Yes, Haykin provides biographical details, but his purpose is less to recount the character’s life than to point to her faith and to the way she grew and served during her lifetime. He means to show the vital importance of women for the life and health of the Christian church. He does not merely describe these women in relation to their husbands as so many biographers have done (at least for those who had a husband), but shows that they were godly in their own right, that even apart from their husbands they had deep faith and a desire to serve the Lord and his people. They were, indeed, women of faith.
Last week I spent a couple of days at Muskoka Bible Centre, a Christian camp north of Toronto where we love to spend time in the summer. While there I cracked open a new book by Michael Haykin and saw that, fittingly enough, he had dedicated it to the staff and guests ofMBC. I took it as a sign that I ought to keep reading. I’m glad I did.
Eight Women of Faith is a collection of brief historical vignettes, each of which introduces a Christian woman from days gone by and reveals some of her unique contributions during her life and times. Haykin’s goal is “to remind contemporary Christians, especially evangelicals, of the vital role that women have played in the history of our faith.”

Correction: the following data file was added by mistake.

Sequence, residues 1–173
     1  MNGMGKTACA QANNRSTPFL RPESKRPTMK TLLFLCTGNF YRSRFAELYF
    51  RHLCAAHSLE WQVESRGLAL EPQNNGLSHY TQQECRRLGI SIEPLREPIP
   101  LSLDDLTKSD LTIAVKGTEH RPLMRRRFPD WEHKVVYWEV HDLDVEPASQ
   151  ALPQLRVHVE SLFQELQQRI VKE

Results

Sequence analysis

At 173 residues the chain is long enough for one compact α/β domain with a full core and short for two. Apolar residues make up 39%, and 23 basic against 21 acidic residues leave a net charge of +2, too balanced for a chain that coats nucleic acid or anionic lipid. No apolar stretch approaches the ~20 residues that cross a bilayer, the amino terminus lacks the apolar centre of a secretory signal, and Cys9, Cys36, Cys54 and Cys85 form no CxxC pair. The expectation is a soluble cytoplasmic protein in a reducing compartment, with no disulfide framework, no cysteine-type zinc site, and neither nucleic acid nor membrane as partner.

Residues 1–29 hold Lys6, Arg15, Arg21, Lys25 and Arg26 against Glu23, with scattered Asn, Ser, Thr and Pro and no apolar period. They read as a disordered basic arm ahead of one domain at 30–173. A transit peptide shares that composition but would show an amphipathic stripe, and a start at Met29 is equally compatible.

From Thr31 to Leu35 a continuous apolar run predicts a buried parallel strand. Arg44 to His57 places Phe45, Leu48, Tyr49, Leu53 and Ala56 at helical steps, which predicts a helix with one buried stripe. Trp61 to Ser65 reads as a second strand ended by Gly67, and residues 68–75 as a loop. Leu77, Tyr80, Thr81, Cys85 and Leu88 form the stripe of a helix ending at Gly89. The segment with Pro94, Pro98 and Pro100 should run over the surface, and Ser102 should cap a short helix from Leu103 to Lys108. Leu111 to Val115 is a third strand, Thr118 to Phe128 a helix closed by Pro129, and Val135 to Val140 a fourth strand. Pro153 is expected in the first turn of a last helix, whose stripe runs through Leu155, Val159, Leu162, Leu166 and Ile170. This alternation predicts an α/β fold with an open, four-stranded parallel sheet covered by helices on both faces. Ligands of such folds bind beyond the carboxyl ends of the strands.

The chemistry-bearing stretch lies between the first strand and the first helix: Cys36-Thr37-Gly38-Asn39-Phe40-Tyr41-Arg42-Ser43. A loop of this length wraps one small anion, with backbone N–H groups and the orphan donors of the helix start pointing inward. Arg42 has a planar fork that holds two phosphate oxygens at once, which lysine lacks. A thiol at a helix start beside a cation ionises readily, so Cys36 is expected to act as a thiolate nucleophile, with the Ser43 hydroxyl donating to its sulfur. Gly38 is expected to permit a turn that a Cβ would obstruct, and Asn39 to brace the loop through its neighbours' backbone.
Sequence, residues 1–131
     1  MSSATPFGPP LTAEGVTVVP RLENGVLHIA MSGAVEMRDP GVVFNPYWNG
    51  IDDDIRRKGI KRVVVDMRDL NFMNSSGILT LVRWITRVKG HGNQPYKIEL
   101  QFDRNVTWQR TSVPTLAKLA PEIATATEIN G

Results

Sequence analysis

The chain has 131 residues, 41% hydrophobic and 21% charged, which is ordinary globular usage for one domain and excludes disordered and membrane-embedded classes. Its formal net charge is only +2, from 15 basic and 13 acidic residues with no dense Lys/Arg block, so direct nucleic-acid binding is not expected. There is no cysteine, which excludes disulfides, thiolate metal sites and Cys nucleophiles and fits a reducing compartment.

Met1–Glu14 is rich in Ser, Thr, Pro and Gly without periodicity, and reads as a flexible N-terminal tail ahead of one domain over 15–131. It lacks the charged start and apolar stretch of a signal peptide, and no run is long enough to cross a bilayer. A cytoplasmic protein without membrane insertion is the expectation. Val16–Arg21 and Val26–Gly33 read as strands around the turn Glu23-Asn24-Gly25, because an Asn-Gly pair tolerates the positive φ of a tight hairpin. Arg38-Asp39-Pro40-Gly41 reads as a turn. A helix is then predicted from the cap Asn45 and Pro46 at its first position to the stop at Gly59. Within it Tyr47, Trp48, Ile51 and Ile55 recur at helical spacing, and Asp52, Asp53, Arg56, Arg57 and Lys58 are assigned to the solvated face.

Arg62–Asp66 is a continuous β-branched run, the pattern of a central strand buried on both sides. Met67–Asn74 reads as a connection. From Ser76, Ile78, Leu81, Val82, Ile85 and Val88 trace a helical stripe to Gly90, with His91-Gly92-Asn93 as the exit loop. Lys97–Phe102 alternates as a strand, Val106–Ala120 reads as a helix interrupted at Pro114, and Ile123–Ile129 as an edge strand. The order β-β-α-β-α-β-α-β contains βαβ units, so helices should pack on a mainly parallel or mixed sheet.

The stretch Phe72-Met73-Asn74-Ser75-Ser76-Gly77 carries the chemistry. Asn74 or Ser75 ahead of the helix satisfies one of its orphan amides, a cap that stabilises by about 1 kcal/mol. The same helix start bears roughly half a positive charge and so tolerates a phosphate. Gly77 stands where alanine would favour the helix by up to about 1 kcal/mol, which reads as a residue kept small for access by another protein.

In some ways the book divides neatly into two parts. Haykin explains: “The first two chapters, those on Lady Jane Grey and Margaret Charlton Baxter, explore women’s lives in the church prior to the significant changes of the eighteenth century. Jane speaks to the way that women made the faith of the Reformation their own, and Margaret shows how women helped men in ministry, in this case, her husband, Richard Baxter.”
The next six chapters explore what it was like to be a Christian woman in the eighteenth century. Here he looks at Anne Dutton, a theological writer; Sarah Edwards, who “reveals the way some Christian women have had profound experiences of God for the blessing of the church;” Anne Steele, who wrote hymns which are still treasured today; Esther Edwards Burr, Sarah Edwards’ daughter, who has much to say about Christian friendship; Ann Judson, who was a pioneer missionary and “something of an icon for generations of women missionaries who followed her;” and finally Jane Austen, easily the most famous of the subjects, whom few know to be a serious Christian.
In this way the book is more than a collection of eight short biographies.